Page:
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Expandable Backpack

Personal Space | Projects

  •         "The Expandable Backpack"  is a multifunctional backpack designed for the modern day student. "The Expandable Backpack" can not only be a student's traditional backpack but it can also pull out into a chair for those beautiful spring days when students decide to study outside. The bottom of the chair is a mat that can be rolled out from the bottom of the backpack. This provides the student a cushion from the hard ground while also keeping them dry in those cases of wet grass. Out of the top of the backpack comes an overhead pullout canopy that would not only protect students from the sun, but also provide their computer screen with shade making it easier to see. 

            The idea behind the canopy structure was to create a way for the structure to extend on multiple planes and also be able to refold back into a compact piece that would be able to fit into the top of a backpack. The structure took the whole two weeks of the studio to create but it was a sucess. The canopy uses a variation of the widley used and well known scissor strucutre along with different 3D printed connecting pieces that were built using rhino. 

     

  • Creating a personal space was the idea behind the project. Creating a personal space out of something ordinary was important in the brainstorming process. At college campuses throughout the country, students look to enjoy their surroundings while studying at the same time. Most students carry their books and notes to class via a backpack, which is an object that only serves one purpose. The opportunity for a backpack to serve more then one purpose for a student would provide them with a convenient way to enjoy the outdoors of their school. The backpack would not only carry books and school supplies but transform into a chair, allowing students to sit down on possibly muddy grass or even create their own shady spot to view a computer on a sunny day. The real benefit of the backpack is the capability of the chair to fully compress into the standard bag structure without large increases of weight or bulk. For this idea to become a reality, there would be lots of work involved to reach the overall goal. Once it became clear the immence work this project would involve, the focus turned to developing a piece of the backpack.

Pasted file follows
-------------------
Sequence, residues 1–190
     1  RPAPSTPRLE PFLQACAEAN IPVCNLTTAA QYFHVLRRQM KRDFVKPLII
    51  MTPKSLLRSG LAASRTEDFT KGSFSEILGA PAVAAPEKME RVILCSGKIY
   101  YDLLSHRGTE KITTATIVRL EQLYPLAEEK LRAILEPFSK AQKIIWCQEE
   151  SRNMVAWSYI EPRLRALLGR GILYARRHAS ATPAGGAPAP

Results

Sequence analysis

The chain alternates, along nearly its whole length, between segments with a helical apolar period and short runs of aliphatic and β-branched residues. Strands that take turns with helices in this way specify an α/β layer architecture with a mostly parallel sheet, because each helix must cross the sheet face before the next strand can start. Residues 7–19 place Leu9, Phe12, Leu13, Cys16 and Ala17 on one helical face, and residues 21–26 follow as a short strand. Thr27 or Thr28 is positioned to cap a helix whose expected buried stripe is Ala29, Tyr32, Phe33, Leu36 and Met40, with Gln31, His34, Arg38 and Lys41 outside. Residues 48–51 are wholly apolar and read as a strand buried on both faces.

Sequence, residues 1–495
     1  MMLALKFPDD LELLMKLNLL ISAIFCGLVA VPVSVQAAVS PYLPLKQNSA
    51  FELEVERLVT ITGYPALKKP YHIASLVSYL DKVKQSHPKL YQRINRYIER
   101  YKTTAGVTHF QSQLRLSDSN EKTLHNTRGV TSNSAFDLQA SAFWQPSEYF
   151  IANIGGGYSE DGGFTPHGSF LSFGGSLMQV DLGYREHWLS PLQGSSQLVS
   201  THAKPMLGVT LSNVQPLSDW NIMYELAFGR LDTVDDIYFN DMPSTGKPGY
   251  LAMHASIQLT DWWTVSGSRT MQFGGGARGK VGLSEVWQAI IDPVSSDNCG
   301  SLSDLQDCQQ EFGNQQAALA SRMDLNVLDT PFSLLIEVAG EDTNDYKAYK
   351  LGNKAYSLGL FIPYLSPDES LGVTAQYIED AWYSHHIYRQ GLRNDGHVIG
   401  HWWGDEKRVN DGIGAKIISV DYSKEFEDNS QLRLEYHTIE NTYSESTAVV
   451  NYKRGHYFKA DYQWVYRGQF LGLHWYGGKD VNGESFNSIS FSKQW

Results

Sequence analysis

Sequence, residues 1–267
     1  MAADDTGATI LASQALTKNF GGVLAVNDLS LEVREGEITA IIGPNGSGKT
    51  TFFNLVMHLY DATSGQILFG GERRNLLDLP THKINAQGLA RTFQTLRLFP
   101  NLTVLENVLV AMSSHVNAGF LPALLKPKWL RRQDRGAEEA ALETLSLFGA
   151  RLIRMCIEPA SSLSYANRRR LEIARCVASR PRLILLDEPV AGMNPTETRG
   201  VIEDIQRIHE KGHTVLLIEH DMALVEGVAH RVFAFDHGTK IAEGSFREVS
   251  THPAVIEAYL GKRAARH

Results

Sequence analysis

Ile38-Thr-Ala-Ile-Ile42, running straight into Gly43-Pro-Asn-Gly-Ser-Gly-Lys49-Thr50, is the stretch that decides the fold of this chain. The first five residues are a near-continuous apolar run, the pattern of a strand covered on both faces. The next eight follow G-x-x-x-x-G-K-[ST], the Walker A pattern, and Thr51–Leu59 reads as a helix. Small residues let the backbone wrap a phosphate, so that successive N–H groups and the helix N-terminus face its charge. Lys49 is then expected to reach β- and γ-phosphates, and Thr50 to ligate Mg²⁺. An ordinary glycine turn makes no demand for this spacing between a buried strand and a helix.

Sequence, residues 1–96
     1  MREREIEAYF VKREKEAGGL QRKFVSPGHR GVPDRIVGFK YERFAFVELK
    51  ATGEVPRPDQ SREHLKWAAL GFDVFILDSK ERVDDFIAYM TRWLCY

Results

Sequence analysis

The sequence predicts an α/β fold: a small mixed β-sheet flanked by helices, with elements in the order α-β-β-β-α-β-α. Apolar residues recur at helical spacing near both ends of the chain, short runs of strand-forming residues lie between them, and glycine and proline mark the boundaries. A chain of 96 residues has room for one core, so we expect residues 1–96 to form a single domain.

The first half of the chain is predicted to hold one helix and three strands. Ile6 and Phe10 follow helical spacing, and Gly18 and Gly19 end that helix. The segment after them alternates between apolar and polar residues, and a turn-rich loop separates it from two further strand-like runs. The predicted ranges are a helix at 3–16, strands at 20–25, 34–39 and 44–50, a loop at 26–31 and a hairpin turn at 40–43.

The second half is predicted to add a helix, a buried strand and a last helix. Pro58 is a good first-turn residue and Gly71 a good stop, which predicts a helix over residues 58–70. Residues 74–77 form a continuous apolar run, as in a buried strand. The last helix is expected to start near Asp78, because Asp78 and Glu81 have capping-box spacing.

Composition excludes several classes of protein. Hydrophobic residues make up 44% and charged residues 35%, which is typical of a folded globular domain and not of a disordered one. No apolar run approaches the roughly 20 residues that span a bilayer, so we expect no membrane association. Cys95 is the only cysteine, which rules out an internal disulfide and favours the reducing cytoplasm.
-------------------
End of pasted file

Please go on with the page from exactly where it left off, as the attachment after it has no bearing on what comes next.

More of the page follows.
The focus of the project became the canaopy feature of the chair that would be capable of fully compressing as well as opening up to cover a lot of area. Immediately diving into research about large structures being able to condense, the scissor structure was a design that stood out. This simple structure, most people are familiar with appeared fairly simple and would allow for a lot of room for revision. 

    Although the scissor structure seemed simple, it became evident that it was a signifcantly more complex structure. Using the 3D modeling software Rhino simple scissor structures were laser cut at first. This allowed for a bettter hands on understanding of what the most simplistic version of the structure entailed. These simple versions of scissor structures were relatively cookie cutter. Every piece we cut was the same size with no differentiation. Changing the symmetry became the next focus after exploring the most basic scissor structure design that was printed via the laser cutter. 

    Once pieces were printed of different lengths and hole placement variations the scissor structure did transform slightly. The structure now had the capabilities of expanding on the x and y axis. This was an accomplishment but the arching feature of the canopy needed to be implemented. 

    This became a real challenge; creating curvature of the scissor structure seemed like a big bump in the road. After more research, the children's toy, the Hoberman sphere, seemed like it would serve as a good inspiration in developing a joint to create the arch the canopy needed. 

    After experimenting with the Hoberman sphere hands on, new ideas about creating a connecting joint started to flow. Using the Rhino software we added cut outs into the original pieces to have them connect a vertical and horizontal piece. The problem with this design was the limited capabilities these pieces allowed. It was an immediate transtition from vertical to horizontal whcih did not create the desired curvature. 

    A new piece had to be created to obtain this curvature we were looking for. Developing joints in Rhino to be 3D printed was the next goal. The design of these joints were spheres with slots within them that would allow for almost a full range of movement within the designated slots. Following the actual 3D printing of the object, it became evident the joint itself was covering too much area and was simply too big. The design was then scaled down and despite having most of the capabilities necessary it was still limiting in regards to compacting the strucutre. 

    After multiple times of trial and error with both making sure the sticks were just right, as well as adjusting the 3D printed sphere model a final design was created.  The joint created in the end was a 3D printed x like shape with holes on the end to allow for numerous connections. This structure ended up working because it was small enough that it would condense when the scissor structure condensed and it allowed for the curvature necessary in creating our canopy. This design would be perfect for our backpack and perfect in eventually assisting students with working while enjoying the outdoors.